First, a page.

The Sound

The soundtrack and sound effects are simply stunning. The developers were kind enough to make a new soundtrack for the Saturn version, and they really utilized the CD-based technology very well. Each zone has its own tune and each zone has a particular look to it. The music is perfectly orchestrated to match the overall feel of each zone. For example, while in the Diamond Dust Zone – which is covered in ice and snow – the score sounds very much like Christmas music. It gives off this warming and comforting feeling.

In addition to the solid soundtrack are the sound effects of the game. Most of the sound effects seem recycled from the previous 16-bit Sonic games, but that’s not a bad thing at all. These are the sounds we became familiar with and associate with anything Sonic, just like people associate the Mario-jump sound with Mario games. While not too varied or complicated, they did a fine job with the sound effects.

Summary: Soundtrack = inspired and first-rate. Sound effects = familiar and appropriate.

The Feel

Sonic 3D Blast is not going to feel like your average Sonic game, and this might even be the reason you hate this game. The controls are spot on, timely, simple, and straight-forward. But that doesn’t make them easy to master. Learning how to control Sonic is far-and-away the most challenging part of this game. The isometric view makes controlling Sonic exceptionally tricky. sonic 3d blast rusty ruinYou will often find yourself struggling to judge distances when jumping gaps or determining which direction Sonic is actually facing when you decide to do something. The overall control scheme is difficult and is hardly ever “mastered”… You will ultimately just learn how to handle it a little better, but it will test your patience.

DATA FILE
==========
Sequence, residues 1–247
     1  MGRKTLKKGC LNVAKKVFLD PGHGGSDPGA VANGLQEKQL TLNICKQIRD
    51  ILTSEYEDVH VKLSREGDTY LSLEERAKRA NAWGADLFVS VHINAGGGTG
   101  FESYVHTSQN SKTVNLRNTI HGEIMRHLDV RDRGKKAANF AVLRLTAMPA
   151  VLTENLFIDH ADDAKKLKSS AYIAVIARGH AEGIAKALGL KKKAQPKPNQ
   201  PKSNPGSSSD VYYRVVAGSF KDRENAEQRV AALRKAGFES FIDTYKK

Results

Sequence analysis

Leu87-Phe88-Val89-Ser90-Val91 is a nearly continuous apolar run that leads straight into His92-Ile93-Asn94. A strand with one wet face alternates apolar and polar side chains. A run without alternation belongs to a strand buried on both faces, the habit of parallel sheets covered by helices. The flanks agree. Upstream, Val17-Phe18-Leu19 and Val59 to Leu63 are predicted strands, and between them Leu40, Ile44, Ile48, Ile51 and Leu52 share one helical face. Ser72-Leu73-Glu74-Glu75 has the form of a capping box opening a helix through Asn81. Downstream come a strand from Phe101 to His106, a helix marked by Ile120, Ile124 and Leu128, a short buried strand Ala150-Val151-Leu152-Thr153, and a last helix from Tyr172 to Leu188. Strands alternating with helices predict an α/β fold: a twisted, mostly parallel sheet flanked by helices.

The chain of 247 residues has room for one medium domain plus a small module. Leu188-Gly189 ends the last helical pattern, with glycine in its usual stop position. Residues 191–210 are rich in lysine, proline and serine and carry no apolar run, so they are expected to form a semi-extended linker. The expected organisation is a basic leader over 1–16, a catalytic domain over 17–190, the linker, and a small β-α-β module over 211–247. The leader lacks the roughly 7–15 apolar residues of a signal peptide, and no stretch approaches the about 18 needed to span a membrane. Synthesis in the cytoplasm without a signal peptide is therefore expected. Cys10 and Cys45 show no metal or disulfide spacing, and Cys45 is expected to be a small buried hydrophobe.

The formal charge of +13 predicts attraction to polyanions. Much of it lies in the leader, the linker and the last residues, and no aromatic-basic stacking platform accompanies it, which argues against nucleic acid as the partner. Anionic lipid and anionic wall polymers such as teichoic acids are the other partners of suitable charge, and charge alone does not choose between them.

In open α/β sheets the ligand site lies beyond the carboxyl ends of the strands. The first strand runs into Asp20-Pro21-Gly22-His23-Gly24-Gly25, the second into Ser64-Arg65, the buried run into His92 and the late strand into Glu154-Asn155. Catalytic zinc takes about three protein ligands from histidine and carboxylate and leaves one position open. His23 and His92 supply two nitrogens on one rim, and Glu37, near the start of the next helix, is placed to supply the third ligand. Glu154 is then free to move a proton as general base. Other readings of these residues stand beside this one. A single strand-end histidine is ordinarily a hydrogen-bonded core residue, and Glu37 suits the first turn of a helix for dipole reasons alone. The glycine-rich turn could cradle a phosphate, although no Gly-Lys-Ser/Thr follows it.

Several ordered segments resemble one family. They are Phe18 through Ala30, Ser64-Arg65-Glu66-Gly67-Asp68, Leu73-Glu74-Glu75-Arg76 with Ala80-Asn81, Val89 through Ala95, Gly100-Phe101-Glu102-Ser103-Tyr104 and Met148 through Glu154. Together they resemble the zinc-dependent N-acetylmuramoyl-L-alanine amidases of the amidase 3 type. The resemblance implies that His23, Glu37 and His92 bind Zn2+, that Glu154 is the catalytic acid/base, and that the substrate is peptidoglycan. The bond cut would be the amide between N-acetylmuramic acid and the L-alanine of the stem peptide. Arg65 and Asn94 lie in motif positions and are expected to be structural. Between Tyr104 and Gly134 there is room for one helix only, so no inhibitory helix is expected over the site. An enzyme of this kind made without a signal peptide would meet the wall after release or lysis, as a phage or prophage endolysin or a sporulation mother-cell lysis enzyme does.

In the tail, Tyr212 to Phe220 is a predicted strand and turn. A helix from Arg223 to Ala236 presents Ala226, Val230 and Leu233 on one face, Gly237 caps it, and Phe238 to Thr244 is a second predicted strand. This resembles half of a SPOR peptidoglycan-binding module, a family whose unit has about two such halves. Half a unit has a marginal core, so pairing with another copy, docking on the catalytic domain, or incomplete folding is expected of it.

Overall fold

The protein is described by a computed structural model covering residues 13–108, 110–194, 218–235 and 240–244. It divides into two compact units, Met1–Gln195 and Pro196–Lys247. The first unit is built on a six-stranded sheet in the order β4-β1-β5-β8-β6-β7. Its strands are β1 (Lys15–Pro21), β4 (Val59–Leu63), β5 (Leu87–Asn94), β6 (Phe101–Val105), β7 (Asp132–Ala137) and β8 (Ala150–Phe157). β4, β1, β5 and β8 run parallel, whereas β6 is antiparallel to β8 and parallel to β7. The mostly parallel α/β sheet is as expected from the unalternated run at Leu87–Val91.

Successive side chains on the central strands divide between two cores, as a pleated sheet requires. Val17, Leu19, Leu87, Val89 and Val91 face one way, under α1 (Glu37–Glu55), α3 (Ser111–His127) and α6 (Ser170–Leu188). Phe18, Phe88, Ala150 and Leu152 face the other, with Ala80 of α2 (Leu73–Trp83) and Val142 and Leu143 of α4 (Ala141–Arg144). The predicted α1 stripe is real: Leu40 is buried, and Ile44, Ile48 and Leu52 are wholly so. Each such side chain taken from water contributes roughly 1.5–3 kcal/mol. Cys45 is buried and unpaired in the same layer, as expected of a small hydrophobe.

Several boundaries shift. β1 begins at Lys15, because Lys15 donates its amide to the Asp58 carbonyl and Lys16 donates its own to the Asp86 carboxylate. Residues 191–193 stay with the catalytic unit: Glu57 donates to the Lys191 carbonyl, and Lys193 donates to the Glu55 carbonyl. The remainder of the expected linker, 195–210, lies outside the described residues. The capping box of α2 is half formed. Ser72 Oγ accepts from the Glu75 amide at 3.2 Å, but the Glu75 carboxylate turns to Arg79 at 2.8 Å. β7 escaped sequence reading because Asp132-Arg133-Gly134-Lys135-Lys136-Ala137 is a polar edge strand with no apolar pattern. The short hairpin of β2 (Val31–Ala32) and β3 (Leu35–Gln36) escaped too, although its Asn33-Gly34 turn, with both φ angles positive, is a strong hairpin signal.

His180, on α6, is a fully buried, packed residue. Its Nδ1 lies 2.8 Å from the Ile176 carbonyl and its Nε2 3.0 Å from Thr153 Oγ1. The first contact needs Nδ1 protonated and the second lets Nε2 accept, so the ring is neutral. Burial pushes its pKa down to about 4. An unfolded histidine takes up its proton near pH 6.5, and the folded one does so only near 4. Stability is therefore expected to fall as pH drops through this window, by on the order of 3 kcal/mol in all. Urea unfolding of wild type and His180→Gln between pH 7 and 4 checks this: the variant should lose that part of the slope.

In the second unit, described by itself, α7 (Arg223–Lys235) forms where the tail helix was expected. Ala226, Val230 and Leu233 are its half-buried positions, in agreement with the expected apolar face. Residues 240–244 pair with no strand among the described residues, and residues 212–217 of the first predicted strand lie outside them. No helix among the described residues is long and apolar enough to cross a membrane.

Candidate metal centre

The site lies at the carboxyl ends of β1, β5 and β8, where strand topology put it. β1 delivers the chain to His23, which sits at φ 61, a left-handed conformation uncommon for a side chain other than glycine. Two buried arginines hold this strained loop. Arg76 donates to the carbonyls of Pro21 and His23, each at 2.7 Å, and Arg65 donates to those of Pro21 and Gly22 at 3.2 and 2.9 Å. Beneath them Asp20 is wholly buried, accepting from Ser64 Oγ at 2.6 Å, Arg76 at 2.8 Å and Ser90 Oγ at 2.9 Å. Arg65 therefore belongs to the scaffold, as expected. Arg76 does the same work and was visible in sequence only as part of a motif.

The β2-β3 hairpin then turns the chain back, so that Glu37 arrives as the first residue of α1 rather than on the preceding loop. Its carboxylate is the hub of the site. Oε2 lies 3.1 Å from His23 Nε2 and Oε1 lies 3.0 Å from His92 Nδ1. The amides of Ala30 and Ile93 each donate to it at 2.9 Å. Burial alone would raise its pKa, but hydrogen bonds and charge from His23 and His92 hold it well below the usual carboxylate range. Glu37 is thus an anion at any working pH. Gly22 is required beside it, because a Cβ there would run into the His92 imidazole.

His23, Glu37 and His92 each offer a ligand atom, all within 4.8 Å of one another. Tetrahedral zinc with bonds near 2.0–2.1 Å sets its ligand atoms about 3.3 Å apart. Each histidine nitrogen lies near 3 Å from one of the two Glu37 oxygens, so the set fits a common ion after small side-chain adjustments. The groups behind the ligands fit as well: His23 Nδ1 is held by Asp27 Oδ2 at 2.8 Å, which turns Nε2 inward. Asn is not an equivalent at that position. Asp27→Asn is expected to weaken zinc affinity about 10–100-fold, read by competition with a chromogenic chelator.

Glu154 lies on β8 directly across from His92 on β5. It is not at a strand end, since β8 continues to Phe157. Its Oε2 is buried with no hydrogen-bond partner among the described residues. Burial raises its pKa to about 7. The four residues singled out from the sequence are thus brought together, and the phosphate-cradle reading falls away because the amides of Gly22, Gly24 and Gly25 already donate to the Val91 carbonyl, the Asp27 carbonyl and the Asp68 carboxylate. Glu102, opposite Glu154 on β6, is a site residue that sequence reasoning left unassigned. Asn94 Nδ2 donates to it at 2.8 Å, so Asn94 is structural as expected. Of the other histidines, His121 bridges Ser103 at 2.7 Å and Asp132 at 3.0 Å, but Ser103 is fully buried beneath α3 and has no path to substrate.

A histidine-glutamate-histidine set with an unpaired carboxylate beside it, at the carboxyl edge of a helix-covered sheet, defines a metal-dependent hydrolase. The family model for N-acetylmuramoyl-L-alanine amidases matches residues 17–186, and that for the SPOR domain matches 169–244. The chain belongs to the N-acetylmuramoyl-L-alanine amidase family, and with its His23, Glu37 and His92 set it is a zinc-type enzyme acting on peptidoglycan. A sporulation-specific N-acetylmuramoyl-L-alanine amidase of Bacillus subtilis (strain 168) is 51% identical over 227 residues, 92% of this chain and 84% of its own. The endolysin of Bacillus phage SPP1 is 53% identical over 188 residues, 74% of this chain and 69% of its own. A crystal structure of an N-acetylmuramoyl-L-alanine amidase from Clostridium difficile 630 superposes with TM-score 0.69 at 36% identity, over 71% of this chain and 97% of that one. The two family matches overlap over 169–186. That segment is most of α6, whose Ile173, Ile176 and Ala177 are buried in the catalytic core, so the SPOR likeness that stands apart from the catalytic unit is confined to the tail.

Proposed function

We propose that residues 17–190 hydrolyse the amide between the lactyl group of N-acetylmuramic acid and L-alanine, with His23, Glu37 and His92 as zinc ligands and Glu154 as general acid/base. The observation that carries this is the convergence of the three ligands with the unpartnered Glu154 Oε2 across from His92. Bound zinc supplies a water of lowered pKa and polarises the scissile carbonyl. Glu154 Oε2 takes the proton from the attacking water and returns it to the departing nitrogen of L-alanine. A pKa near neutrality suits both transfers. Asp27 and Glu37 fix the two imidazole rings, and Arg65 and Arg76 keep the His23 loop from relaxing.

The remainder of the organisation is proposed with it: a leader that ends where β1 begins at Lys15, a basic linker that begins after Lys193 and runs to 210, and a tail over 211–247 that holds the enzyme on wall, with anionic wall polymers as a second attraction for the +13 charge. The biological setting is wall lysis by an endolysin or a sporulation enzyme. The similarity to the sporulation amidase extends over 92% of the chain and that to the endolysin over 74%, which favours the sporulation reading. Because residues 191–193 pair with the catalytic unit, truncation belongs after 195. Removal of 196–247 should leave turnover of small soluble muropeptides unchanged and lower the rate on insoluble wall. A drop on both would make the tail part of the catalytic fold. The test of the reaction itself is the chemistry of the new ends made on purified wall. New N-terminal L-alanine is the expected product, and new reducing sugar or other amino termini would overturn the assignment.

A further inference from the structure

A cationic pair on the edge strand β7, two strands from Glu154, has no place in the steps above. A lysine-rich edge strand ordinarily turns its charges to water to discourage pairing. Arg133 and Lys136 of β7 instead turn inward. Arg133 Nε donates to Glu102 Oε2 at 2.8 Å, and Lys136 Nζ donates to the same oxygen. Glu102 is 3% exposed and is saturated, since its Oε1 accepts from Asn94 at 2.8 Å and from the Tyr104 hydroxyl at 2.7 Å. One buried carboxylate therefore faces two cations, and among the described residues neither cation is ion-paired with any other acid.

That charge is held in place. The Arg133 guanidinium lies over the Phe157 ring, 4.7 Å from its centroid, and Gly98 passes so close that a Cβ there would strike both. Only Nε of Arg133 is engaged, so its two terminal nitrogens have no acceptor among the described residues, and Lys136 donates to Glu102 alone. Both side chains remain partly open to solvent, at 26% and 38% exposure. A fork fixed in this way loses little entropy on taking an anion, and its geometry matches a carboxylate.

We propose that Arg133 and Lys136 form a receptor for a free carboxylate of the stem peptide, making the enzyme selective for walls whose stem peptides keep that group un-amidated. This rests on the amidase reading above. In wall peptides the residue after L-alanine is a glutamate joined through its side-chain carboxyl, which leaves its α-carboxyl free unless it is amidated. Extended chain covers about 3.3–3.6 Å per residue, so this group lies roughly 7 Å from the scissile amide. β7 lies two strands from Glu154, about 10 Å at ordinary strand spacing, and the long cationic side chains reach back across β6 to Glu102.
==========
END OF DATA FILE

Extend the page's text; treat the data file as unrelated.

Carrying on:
Other than a taxing control scheme, Sonic 3D Blast feels alright. Nothing revolutionary going on here. Just some simple jumping and spin-dash attacks. But making its debut is the Sonic Blast Attack, whose name would later be changed to Homing Attack, starting with Sonic Adventure on the Dreamcast. The Sonic Blast Attack is a double-button attack feature in which Sonic presses any of the jump buttons and while in the air presses any jump button again and he will hone in on a nearby enemy. In order to use this attack, Sonic will need to have the Gold Shield first, however. This new attack feature helps considerably with the questionable control issues I spoke of previously.

Summary: Controlling Sonic is a true challenge, and one of the weakest features of the game.

The Levels

Sonic 3D Blast features 7 main zones. Each zone will have some familiar elements from previous Sonic installments. There is a map of Flicky Island that shows your progression. Each level is unique, which really helps keep the game interesting and prevent monotony.